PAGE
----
Chapter 1: Global Environmental Drivers
Over the last few decades, international merchandise trade has expanded at astounding rates to reach $16.3 trillion in 2011. In addition, trade in services has grown at particularly high rates within the last decade to reach almost $3.7 trillion in 2010. As a result, nations are much more affected by international business than in the past. Global linkages have made possible investment strategies and marketing alternatives that offer tremendous opportunities. Yet these changes and the speed of change also can represent threats to nations and firms.
On the policy front, decision makers have come to realize that it ...view middle of the document...
The new set of macroenvironmental factors has to be understood and responded to in order to let international markets become a source of growth, profit, and needs satisfaction.
The American Marketing Association defines marketing as “the activity, set of institutions, and processes for creating, communicating, delivering, and exchanging offerings that have value for customers, clients, partners, and society at large.”
The marketing manager’s task is to plan and execute programs that will ensure a long-term competitive advantage for the company. This task has two integral parts:
(1) the determining of specific target markets and
(2) marketing management, which consists of developing and operationalizing marketing mix elements to best satisfy the needs of individual target markets.
Chapter 2: International Trade Frameworks and Policy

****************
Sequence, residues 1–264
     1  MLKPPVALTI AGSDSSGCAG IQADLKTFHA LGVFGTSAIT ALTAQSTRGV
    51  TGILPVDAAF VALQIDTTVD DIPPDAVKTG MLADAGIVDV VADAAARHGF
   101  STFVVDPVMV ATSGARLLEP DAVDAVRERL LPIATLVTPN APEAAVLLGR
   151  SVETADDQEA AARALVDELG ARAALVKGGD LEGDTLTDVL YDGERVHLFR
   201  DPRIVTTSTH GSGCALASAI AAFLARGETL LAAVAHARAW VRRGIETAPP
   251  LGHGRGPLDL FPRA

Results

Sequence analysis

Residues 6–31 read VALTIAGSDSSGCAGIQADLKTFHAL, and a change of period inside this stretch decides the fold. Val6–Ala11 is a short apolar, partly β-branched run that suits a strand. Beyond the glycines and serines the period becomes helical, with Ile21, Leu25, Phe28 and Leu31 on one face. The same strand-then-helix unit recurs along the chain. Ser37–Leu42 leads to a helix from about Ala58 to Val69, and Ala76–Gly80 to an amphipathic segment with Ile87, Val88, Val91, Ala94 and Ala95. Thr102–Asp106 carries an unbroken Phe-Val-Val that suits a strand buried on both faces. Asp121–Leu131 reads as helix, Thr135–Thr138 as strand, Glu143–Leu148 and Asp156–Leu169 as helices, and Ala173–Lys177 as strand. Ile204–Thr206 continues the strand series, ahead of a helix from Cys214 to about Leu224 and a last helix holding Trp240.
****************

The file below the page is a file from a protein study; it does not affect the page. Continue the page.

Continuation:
International trade has often played a major role in world history. The rise and fall of the Roman Empire and the emergence of feudalism can be attributed to trade. Since 1945, the Western nations have made concerted efforts to improve the trade environment and expand trade activities. In order for them to do so, various multinational organizations, such as the WTO, the IMF, and the World Bank, were founded. In addition, several economic blocs such as the EU, NAFTA, and MERCOSUR were formed. Many of these organizations have
been very successful in their mission, yet new realities of the trade environment demand new types of action.
Recall from Chapter 1 that the last few decades have been marked by tremendous growth in world trade. In addition, there have been significant changes in the trade positions of many countries. For example, the United States’ share of world exports has declined precipitously from 25 percent in the 1950s, while China’s share in world trade has risen substantially in the last few years alone. Furthermore, foreign direct investment has come to play an important role in the world economy. The WTO is the key forum for trade disputes and negotiations. However, there are growing tensions between developed and developing countries, particularly in the sphere of agriculture. Despite calls for trade liberalization, some policymakers intend to enhance trade performance by threatening the world with increasing protectionism. The danger of such a policy lies in the fact that world trade would shrink and standards of living would decline. Protectionism cannot, in the long run, prevent adjustment or increase productivity and competitiveness. It is therefore important to improve the capability of firms to compete internationally, to provide an international trade framework that facilitates international marketing activities, but also to keep in mind the displacement consequences of trade, which may require adjustment preparations.
Chapter 3: The Role of the Culture
Culture is one of the most challenging elements of the international marketplace. This system of learned behavior patterns...